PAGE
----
Sound + Vision: Some recording "imperfections" have been fixed. Can you give any specific examples?
Massey: I've got a little demonstration CD here if you'd like to have a listen . . .
Sound + Vision: Oh, sure.
The "Rain" Trust, and so much more, in Studio 2 at Abbey Road (from left):
Guy Massey, Simon Gibson, Sean Magee, Sam Okell, Steve Rooke, Paul Hicks, and Allan Rouse.
Massey: First, dropouts. There weren't many across the whole catalog - maybe four or five. [Massey plays the A/B disc to demonstrate dropouts fixed in the guitar solo at 0:59 in "Kansas City" and also during the line "tried to please her" at 1:50 in "Day Tripper."] Next, microphone pops in the vocals. [Demos a pop removed from the second "p" in the line "not what I appear to be" at 0:10 in "I'm a Loser."] This second one is a noise that's quite subtle, like a rumble, as if John touched the mike stand. [Plays the very first word, "She's," from "Happiness Is a Warm Gun."] Now we move on to click removal. [Cuesup "Eleanor Rigby" at 0:14.] Finally, de-noising. [Plays guitar intro to "The Continuing Story of Bungalow Bill" to demonstrate hiss removed.] The de-noising was subtle, subtle. We were very aware of not going overboard with that. And fewer than 5 minutes of the catalog were treated this way. Overall, if there were extraneous things that interfered with the listening experience, we took them out. A few things we left because we believed they were acoustical noises. We tried to take out only the things that were electrical in nature.
Rouse: So the squeaky chair at the end of "A Day in the Life": It's still there.
Massey: And Ringo's often squeaky drum pedal: It's still there.
Sound + Vision: Mastering engineer Bob Ludwig has said: "I often say how grateful I am that, when the Beatles were doing their recordings, digital limiters didn't exist, because if those recordings had been squashed to death like so many contemporary records are, they would never have the longevity that they have had." In light of that, it's admirable that you have used limiting on the stereo versions only - and only, as the press release says, "moderately."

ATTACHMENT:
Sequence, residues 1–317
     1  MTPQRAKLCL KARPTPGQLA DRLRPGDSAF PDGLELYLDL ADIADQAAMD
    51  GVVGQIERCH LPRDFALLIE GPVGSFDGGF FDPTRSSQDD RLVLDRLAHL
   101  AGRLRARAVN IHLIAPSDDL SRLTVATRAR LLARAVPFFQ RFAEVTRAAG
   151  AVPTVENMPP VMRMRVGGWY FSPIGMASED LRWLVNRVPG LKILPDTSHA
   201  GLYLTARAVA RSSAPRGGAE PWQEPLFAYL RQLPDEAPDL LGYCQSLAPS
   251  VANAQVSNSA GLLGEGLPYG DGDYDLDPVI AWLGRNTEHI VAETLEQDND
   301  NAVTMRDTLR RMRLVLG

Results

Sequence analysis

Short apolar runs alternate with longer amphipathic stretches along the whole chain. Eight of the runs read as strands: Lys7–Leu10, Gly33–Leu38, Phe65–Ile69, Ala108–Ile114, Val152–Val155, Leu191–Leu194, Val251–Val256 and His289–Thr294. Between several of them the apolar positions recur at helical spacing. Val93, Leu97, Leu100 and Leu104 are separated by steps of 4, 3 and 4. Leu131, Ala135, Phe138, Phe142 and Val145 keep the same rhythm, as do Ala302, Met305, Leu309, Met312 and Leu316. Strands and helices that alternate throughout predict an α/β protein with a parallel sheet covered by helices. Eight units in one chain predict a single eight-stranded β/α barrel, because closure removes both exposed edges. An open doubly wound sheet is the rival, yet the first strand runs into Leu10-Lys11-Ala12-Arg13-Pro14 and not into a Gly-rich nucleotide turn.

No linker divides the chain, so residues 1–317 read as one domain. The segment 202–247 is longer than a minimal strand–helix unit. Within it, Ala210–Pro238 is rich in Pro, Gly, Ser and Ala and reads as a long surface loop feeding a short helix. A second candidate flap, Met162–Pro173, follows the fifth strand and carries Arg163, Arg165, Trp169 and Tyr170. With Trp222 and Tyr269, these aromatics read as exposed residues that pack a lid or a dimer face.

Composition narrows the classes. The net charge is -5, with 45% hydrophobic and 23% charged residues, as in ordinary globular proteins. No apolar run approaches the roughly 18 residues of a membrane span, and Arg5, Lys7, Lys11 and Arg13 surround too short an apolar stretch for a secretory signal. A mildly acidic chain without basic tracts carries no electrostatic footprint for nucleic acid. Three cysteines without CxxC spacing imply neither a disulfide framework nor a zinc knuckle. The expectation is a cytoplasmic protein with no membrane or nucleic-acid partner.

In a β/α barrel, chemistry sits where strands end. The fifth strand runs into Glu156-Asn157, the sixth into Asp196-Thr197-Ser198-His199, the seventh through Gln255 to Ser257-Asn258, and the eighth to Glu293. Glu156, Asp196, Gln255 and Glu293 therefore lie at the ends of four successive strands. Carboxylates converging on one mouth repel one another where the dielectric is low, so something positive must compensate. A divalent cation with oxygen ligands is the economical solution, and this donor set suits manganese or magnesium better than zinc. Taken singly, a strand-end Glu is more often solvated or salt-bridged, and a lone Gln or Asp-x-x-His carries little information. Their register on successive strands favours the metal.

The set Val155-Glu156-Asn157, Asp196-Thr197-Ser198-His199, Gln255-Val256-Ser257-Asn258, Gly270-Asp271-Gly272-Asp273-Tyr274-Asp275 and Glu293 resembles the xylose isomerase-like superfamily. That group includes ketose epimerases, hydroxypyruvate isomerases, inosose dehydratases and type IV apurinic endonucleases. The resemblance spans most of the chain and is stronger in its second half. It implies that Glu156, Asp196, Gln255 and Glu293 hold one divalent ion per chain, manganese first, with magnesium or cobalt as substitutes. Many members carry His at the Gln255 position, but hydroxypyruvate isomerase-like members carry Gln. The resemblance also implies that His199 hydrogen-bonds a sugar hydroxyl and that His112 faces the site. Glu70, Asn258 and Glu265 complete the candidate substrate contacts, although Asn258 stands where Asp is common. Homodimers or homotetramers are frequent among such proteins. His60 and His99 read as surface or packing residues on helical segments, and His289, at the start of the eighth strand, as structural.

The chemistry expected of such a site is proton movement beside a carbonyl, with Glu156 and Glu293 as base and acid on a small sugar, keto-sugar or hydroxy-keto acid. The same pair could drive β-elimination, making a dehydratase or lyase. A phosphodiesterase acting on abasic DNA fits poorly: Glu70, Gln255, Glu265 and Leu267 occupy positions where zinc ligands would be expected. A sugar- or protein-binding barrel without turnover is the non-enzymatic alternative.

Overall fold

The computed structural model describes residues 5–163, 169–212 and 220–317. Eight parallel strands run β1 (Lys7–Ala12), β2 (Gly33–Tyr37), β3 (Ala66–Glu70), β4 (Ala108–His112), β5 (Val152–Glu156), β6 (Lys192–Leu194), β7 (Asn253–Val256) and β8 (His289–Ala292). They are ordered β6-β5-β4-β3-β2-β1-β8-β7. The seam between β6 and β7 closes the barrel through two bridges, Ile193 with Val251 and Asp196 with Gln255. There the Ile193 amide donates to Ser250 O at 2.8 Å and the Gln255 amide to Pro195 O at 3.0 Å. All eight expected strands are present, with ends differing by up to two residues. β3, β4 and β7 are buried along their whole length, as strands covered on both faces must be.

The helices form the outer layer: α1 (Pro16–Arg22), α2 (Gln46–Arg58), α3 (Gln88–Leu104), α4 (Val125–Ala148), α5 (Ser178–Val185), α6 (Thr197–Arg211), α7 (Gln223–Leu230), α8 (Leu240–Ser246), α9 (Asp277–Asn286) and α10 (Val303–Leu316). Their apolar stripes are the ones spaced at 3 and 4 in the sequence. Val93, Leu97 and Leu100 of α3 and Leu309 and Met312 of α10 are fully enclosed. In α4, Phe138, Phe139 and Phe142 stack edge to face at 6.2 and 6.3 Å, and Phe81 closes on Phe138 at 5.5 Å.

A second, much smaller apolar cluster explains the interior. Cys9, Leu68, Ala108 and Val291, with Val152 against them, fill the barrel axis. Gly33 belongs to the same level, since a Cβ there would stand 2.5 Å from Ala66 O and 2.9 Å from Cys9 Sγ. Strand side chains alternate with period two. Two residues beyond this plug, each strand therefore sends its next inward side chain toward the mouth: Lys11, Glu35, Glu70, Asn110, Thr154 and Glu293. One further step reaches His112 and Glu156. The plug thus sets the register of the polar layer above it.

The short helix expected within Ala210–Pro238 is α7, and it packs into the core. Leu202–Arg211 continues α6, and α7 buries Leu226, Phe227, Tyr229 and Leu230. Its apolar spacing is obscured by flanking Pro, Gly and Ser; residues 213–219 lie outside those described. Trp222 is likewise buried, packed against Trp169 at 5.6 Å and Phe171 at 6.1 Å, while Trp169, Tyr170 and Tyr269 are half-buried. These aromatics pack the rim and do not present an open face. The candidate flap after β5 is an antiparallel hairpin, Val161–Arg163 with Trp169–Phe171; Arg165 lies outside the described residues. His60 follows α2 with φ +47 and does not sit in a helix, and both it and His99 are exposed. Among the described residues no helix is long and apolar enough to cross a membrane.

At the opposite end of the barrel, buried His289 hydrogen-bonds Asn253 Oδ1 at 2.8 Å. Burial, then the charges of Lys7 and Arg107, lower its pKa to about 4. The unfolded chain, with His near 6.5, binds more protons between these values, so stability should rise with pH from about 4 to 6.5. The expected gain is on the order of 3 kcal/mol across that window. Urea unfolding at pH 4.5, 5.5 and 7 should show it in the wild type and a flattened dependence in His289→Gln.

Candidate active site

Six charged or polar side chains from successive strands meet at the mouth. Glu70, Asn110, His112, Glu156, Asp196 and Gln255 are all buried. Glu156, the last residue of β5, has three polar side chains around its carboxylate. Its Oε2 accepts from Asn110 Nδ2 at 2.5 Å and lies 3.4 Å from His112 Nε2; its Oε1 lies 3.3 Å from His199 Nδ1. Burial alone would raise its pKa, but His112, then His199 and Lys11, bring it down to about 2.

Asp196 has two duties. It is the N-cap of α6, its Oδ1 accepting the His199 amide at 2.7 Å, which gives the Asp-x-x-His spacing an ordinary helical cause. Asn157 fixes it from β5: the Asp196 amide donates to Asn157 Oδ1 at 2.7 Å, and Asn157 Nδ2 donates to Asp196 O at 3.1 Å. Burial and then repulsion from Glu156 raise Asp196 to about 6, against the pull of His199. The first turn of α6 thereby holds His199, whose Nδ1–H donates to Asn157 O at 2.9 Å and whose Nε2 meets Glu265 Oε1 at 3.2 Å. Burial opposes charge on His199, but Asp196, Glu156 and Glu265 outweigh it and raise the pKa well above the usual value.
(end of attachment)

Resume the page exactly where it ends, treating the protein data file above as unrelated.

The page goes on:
Massey: We were obviously aware of the Loudness Wars - squashing, brickwalling, all that sort of stuff - and we didn't want to do that. We wanted to retain the original dynamics. So for the loudest part of the loudest songs, there may be limiting of 3 to 4 dB, but for most of the songs, most of the time, there isn't any limiting.
Sound + Vision: And so this was an effort to help make the primitive-stereo mixes come across more powerfully to the new generation?
Rouse: And I would take issue a tiny little bit with what Bob Ludwig said. If you would quote again the last part of what he said.
Sound + Vision: ". . . because if those recordings had been squashed to death like so many contemporary records are, they would never have the longevity that they have had."
That statement doesn't give much credit to the songs. Because the Beatles aren't just about sound; they're about the fact that they were particularly good songwriters and musicians. The very thought that people wouldn't have continued buying Beatles records because of the sound - sorry, I can't agree with that.
Sound + Vision: Were there any forest-for-the-trees instances where, after working on individual tracks for a while, something new became apparent when you relistened to the album as a whole?
Massey: I do remember that, once we'd done Revolver for the first time, Allan did come up with quite a few suggestions. Overall, he thought we might have been a little too reverent.
Sound + Vision: It's such a great hard-rock record. The guitars are-